Debunking 5 Persistent Myths About Coffee and Its Flavor
The invention of coffee beans goes back to the 15th century. Today, coffee is among the most popular psychoactive beverage consumed worldwide. Flavored coffee beans near me are the foundation of culinary identities in different cultures. According to experts, coffee is loaded with numerous health benefits.
Besides being rich in antioxidants, coffee boosts immune system, and it also re-energizes your brain. Tracy Lockwood Beckerman, author, and dietician, says that many Western diet lovers are getting more antioxidants from coffee than combined vegetables and fruits.
Almost every country and culture have an exclusive method of requesting coffee beans home delivery, preparing, and drinking it. Still, every cup of coffee you drink from your favorite coffee shops results from a complex process of interactions. Here, wholesalers, marketers, shippers, roasters, growers, and international corporations are involved, complicating the process.
If you are passionate about the best value coffee subscription, you must have heard a few misconceptions and myths about it. Let’s bust some of them below to help you become an informed consumer of one of the world’s highly consumed beverages after water.
Whether you own a small coffee roaster business or you’re a regular at Starbucks, it seems that myths and misconceptions about coffee abound even among those who work with and drink it the most. Here are five persistent myths about coffee and its flavor that ought to be permanently busted:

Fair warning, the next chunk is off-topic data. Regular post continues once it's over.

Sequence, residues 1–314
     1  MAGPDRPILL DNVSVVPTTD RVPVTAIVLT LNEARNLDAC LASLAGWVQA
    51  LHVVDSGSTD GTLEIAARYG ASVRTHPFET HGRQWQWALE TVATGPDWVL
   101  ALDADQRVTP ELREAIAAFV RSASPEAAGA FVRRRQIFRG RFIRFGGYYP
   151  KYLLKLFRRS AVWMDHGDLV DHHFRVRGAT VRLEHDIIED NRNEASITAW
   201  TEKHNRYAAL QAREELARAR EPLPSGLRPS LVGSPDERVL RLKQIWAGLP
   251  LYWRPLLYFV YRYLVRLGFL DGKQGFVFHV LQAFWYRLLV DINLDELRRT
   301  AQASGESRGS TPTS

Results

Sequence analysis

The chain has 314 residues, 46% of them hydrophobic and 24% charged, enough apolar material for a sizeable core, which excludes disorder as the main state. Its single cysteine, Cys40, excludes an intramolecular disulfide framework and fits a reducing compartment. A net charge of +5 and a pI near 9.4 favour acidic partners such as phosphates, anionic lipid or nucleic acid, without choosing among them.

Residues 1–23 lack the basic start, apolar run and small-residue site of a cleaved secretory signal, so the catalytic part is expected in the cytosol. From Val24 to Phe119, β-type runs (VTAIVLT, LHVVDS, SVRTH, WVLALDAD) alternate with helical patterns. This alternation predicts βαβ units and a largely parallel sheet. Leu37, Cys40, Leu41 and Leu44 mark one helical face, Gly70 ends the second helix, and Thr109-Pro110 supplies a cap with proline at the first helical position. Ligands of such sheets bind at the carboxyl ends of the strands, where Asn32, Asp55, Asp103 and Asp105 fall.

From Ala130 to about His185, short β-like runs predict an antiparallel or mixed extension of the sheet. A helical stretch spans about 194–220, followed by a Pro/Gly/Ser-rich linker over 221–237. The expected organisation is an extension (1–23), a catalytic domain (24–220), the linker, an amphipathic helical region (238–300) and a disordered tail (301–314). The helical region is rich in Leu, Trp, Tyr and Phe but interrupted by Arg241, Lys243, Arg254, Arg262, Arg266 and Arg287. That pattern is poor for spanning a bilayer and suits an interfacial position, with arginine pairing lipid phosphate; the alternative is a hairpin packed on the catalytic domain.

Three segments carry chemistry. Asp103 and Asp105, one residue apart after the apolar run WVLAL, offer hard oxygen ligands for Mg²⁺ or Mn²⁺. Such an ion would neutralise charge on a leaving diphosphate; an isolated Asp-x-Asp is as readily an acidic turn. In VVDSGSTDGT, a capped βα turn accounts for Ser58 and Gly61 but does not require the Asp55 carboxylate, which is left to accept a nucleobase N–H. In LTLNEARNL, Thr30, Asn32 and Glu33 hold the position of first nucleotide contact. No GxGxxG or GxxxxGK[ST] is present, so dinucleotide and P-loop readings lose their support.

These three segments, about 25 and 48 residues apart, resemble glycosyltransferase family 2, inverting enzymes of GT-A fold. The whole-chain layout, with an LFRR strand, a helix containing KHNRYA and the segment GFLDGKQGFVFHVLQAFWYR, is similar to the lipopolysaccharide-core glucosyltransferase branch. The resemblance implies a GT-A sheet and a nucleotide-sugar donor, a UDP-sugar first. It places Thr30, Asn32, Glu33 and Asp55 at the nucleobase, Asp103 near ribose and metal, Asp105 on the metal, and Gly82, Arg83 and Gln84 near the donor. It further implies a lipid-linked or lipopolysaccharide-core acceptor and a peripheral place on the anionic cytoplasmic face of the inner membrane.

- The Type of Beans Determines Flavor
Some coffee blends advertise that they use 100% Arabica beans as if that says something about the quality of their coffee. It’s true that in general, Arabica beans are higher in quality than Robusta beans. But the way coffee beans are grown and roasted have a much bigger impact on the final flavor than the variety.
- Coffee Should Be Kept in the Freezer
Many people think coffee keeps indefinitely in the freezer. But in reality, you have about three weeks after coffee comes out of the coffee roaster machines to use it at full flavor. Storing it in an airtight container and a cool, dry, dark place will extend its life as long as possible. Storing it in any extreme conditions, such as the freezer, will actually reduce its lifespan.
- The Hotter the Water, the Better
Many people who heat water in a kettle for their coffee (for use in a French press or other device) think that a rolling boil is the ideal temperature. But actually, you want your water at about 200 degrees. Above that, it will burn the beans and produce a bitter flavor.
- Darker Roasts Mean Stronger Coffees
Roasting affects the flavor of coffee, but the strength is simply controlled by the proportion of coffee grounds to water used when the coffee is made. And if you interpret “strength” to mean caffeine, the opposite is actually true; because coffee loses some of its caffeine in the roasting process, darker roasts have slightly less caffeine than lighter ones.
- Gourmet Coffee Isn’t Worth It
The growth of artisanal coffee roasters isn’t just hype. These gourmet roasters are more likely to use high-quality and sustainably sourced beans, do limited batches in small coffee roaster machines, and distribute roasted beans promptly so you get the freshest coffee possible. You’ll pay a little more, of course, but the flavor will be worth it.
Do any of these facts surprise you? Are you hoping to get into the professional coffee industry with a coffee roasting business or coffee shop, or are you simply a caffeine connoisseur? Join the discussion in the comments.